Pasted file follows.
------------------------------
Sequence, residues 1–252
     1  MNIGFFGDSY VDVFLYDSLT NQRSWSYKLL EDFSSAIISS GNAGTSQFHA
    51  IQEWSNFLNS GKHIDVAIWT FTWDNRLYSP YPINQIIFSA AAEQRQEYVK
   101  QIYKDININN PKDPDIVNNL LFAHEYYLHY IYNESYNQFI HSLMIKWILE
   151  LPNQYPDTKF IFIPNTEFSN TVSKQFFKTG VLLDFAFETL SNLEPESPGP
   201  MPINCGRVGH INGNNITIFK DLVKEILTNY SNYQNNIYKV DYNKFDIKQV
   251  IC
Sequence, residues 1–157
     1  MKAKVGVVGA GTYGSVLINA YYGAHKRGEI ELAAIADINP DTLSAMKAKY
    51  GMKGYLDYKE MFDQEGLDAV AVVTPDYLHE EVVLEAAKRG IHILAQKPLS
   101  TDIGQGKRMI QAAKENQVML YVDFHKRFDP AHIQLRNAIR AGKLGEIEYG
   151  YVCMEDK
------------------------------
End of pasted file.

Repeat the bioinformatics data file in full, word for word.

Sequence, residues 1–252
     1  MNIGFFGDSY VDVFLYDSLT NQRSWSYKLL EDFSSAIISS GNAGTSQFHA
    51  IQEWSNFLNS GKHIDVAIWT FTWDNRLYSP YPINQIIFSA AAEQRQEYVK
   101  QIYKDININN PKDPDIVNNL LFAHEYYLHY IYNESYNQFI HSLMIKWILE
   151  LPNQYPDTKF IFIPNTEFSN TVSKQFFKTG VLLDFAFETL SNLEPESPGP
   201  MPINCGRVGH INGNNITIFK DLVKEILTNY SNYQNNIYKV DYNKFDIKQV
   251  IC
Sequence, residues 1–157
     1  MKAKVGVVGA GTYGSVLINA YYGAHKRGEI ELAAIADINP DTLSAMKAKY
    51  GMKGYLDYKE MFDQEGLDAV AVVTPDYLHE EVVLEAAKRG IHILAQKPLS
   101  TDIGQGKRMI QAAKENQVML YVDFHKRFDP AHIQLRNAIR AGKLGEIEYG
   151  YVCMEDK